Storing a Tyre
“What’s the best way to store my tyres?”
This question is most asked by farmers, and caravan owners.
In both cases, the use may be seasonal only, with long spells in between.
Being made of rubber and nylon, two things can happen. The rubber may perish, the nylon may flat spot over a long period. Both are preventable.
Caravan owners cover their tyres in the wheel well with a piece of plywood to keep the sun off the sidewalls, and a generous layer of tyre gloss can also help. But it can still crack where the sidewall bulges where the tyre touches the ground. This is because rubber is very susceptible to attack from ozone, which occurs naturally due to lightning, and from electric motors, such as the caravan fridge, or the farmer’s welding plant or pumps.
So it really does help to get the load off the tyres, and the tyre off the ground. If you can’t be bothered, a generous application of air pressure is of some help, but not ideal, because in most cases, 36 p.s.i.(250 kPa), is as high as you can go for a passenger type of tyre. Tractor tyres are much lower in maximum pressure.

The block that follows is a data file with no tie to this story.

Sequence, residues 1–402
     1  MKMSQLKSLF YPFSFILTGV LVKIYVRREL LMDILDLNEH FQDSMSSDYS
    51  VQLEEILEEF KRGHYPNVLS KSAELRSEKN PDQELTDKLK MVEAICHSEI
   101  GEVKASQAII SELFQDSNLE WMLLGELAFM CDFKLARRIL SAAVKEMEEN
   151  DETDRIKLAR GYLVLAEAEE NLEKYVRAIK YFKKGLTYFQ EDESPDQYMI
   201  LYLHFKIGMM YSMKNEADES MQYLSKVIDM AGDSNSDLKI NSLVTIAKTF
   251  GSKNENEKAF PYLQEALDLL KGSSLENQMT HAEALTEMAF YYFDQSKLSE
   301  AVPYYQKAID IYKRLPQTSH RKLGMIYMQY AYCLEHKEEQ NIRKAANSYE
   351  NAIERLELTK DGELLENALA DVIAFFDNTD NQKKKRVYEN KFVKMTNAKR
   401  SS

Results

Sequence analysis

Nylon flatspotting occurs mostly when the tyre is stored after a long hot run. The tyre cools out, the nylon “creeps” and takes up a “set”, and when it starts to roll, you think you have square wheels. It is sometimes seen when tyres have been stored on a pipe rack, vertically, for a long period- the tyre dealer calls it “slow moving stock”. Be assured though, that it smooths out after about 10 to 15 kilometres, dependent on load and temperature. Just grit your teeth till then.
It also happens with polyester cord tyres, but not to the same extent, and is not usually apparent to the layman.